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Statement

Statement at Open Meeting on Open-End Fund Liquidity Risk Management Programs; Swing Pricing; Re-Opening of Comment Period for Investment Company Reporting Modernization Release

Commissioner Michael S. Piwowar

Washington D.C.

Thank you, Chair White.

And thanks to the staff who worked so hard on this rulemaking. The numerous evenings and weekends you sacrificed have not gone unnoticed, and the results of those efforts are clearly reflected in the quality of this comprehensive proposal.

This proposal marks the second in a series of initiatives aimed at ensuring that the Commission’s regulatory program fully addresses the increasingly complex portfolio composition and operations of the asset management industry. In May, we proposed two rulemakings intended to modernize and enhance data reporting for funds and investment advisers to reflect today’s markets and technology. Future rulemakings will target the growth in the use of derivatives by registered funds and the impact on investors of a market stress event or when an investment adviser is no longer able to serve its clients.

Today’s rulemaking focuses on liquidity management by open-end investment companies other than money market funds (“funds”). Open-end funds are required to redeem their securities on demand from shareholders at a price approximating their proportionate share of the fund’s net asset value (“NAV”) at the time of redemption. Funds must make payment to redeeming shareholders within seven days of the shares being tendered. As a result, it is important that funds adequately manage the liquidity of their portfolios so they can meet their redemption obligations. In addition, the costs of providing liquidity to redeeming investors could be borne at least partially by the remaining investors in the fund, potentially diluting the interests of non-redeeming shareholders. Today’s proposals are intended to promote effective fund liquidity risk management, reduce the risk that funds will not be able to meet redemption obligations, and mitigate potential dilution of shareholders’ interests in funds.

The key features of the rulemaking are a requirement that funds establish a liquidity risk management program and an option that funds other than exchange-traded funds may use “swing pricing,” the process of adjusting the NAV of a fund’s shares to pass on the costs stemming from a shareholder’s purchase or redemption activity to that shareholder.

As proposed, a fund’s liquidity risk management program would have to include, among other things, the classification of the liquidity of each of the fund’s positions in a portfolio asset into one of six categories based on the number of days within which the fund’s position in a portfolio asset would be convertible to cash at a price that does not materially affect the value of that asset immediately prior to sale; an assessment and periodic review of the fund’s liquidity risk based on certain factors enumerated in proposed new rule 22e-4; and management of the fund’s liquidity risk, including that the fund will invest a set minimum portion of net assets in assets that the fund has classified as being convertible to cash within three business days (“three-day liquid asset minimum”). The rule would require that the three-day liquid asset minimum be determined based on the same enumerated factors as the fund’s assessment of its liquidity risk.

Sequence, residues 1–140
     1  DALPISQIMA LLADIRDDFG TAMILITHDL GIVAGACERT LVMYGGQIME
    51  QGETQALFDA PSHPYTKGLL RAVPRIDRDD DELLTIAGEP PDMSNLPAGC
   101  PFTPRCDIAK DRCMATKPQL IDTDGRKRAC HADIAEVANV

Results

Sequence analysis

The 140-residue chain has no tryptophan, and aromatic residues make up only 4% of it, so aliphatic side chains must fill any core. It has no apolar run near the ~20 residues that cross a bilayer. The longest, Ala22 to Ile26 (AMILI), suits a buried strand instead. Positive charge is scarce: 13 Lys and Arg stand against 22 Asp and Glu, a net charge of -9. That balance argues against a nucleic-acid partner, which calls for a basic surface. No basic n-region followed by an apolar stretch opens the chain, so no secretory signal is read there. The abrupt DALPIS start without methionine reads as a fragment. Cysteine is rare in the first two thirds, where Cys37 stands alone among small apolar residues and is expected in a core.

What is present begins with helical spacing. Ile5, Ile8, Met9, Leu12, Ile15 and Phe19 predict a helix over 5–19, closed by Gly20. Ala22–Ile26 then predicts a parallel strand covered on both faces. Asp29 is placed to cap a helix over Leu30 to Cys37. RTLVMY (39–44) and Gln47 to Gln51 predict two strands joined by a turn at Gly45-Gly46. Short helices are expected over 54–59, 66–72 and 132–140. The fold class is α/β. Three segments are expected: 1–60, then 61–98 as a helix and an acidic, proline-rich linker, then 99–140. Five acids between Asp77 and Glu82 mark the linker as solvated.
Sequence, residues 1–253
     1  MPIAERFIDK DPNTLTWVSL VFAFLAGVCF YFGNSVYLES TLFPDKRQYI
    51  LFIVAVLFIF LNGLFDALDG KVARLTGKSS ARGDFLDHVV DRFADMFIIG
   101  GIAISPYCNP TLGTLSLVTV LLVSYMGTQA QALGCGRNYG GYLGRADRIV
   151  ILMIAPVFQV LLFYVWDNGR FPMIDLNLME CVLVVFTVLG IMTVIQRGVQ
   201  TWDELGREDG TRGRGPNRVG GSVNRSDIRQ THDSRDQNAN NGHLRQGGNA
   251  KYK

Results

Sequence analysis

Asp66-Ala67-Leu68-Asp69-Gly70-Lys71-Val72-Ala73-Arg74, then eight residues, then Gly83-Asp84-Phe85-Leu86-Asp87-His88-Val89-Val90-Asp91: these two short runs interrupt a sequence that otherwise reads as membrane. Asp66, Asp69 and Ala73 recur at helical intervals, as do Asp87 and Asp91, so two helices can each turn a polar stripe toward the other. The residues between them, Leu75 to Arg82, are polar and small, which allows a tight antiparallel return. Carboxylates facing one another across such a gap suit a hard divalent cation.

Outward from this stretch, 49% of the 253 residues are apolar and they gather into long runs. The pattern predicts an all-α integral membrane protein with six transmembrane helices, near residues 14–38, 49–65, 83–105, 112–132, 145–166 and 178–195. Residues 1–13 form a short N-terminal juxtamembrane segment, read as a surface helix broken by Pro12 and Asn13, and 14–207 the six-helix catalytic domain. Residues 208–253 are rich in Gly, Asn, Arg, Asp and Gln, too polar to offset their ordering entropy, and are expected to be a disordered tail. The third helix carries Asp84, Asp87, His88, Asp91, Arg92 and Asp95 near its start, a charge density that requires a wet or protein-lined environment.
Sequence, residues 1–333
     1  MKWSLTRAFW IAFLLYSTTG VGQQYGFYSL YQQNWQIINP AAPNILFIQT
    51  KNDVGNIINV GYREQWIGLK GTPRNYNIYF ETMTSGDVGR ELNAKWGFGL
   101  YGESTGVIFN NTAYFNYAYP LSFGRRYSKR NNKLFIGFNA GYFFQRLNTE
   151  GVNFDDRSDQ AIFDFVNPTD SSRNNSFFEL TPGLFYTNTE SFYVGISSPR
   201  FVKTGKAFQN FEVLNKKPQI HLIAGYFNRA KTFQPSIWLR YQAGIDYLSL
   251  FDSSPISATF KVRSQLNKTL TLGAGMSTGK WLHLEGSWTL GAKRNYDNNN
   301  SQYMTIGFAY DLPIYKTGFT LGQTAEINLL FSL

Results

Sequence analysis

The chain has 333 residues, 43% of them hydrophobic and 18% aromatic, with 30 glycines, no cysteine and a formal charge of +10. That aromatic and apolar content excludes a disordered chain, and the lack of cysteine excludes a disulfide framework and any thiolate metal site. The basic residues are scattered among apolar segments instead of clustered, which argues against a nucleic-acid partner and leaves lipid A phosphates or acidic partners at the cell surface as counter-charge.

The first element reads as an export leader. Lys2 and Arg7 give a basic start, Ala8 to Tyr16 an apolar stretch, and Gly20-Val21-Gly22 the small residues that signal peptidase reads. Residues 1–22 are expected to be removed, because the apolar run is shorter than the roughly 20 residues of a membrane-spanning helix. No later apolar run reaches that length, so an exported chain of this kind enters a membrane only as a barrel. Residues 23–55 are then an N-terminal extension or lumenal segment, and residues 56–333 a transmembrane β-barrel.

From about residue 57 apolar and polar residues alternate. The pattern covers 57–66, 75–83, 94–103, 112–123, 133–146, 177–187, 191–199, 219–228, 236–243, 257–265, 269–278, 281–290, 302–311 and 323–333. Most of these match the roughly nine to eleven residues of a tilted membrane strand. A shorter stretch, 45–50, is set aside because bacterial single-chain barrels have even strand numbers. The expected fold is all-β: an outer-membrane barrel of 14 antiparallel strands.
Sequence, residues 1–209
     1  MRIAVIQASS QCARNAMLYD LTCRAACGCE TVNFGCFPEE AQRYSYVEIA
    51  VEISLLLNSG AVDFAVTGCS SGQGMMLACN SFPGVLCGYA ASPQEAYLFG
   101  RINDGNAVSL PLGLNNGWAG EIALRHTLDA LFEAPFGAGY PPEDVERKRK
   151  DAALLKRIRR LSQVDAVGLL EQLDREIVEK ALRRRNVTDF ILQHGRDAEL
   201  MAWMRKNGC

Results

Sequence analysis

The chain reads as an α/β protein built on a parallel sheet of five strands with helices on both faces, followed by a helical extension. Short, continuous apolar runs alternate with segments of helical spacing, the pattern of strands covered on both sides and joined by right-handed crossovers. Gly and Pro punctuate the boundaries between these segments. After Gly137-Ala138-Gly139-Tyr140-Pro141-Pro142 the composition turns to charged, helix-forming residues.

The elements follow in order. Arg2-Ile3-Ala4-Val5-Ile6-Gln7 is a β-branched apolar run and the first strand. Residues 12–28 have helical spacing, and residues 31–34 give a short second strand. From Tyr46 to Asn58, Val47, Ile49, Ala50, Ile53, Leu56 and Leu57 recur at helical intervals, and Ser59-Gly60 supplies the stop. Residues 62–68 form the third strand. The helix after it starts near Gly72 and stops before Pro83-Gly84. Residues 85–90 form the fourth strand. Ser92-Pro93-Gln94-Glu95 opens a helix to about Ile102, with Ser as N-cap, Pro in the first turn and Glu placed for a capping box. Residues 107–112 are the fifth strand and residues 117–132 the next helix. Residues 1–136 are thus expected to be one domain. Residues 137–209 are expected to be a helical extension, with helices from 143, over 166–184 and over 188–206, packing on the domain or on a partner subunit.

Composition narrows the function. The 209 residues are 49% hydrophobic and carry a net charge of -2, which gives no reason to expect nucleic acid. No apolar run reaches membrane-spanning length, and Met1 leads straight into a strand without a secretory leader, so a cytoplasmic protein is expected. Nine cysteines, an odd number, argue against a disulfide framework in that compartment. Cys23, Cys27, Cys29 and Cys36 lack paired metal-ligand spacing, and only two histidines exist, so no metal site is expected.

I support publishing today’s proposal for public comment, but I am concerned about the rule’s three-day liquid asset minimum requirement. While in practice many funds may make payment to shareholders for securities tendered for redemption in less than seven days, section 22(e) of the Investment Company Act only requires that the fund make payment within seven days of the securities being tendered. I would prefer that the rule track the statute and require a seven-day liquid asset minimum rather than the proposed three-day liquid asset minimum. I hope that commenters will provide feedback on this issue.

I also encourage commenters to provide their views on the proposed swing pricing option. I am not convinced that swing pricing is the best way to allocate the costs stemming from a shareholder’s purchase or redemption activity to that shareholder. There are other means by which a fund could mitigate dilution and ensure that redeeming shareholders bear the bulk of the costs associated with their redemptions. For example, funds could use liquidity or redemption fees to serve a similar purpose as swing pricing, without affecting the fund’s NAV. In fact, money market funds are permitted to impose liquidity fees on redemptions under certain conditions. We would benefit from comments on whether swing pricing is the appropriate method for attempting to assess costs incurred due to shareholder purchasing and redemption activity.

As is pointed out in the release, adopting a swing pricing threshold also could create the potential for shareholder gaming behavior because a fund’s shareholders could attempt to time their purchases and redemptions based on the likelihood that a fund would adjust its NAV. In addition, swing pricing would likely increase the volatility of a fund’s NAV. I hope that comments on swing pricing will also discuss the potential for gaming behavior and how swing pricing would affect comparisons of common risk-adjusted measures of mutual fund performance, such as alpha, beta, Sharpe ratio, and tracking error. The views of academic economists on these two issues could be particularly helpful.

I am pleased to support the overall package of reforms we are considering today and look forward to the comments on all aspects of today’s proposal. I would like to close by expressing my appreciation for the collaborative approach that staff took in formulating today’s proposal. I have no questions.

Last Reviewed or Updated: Sept. 22, 2015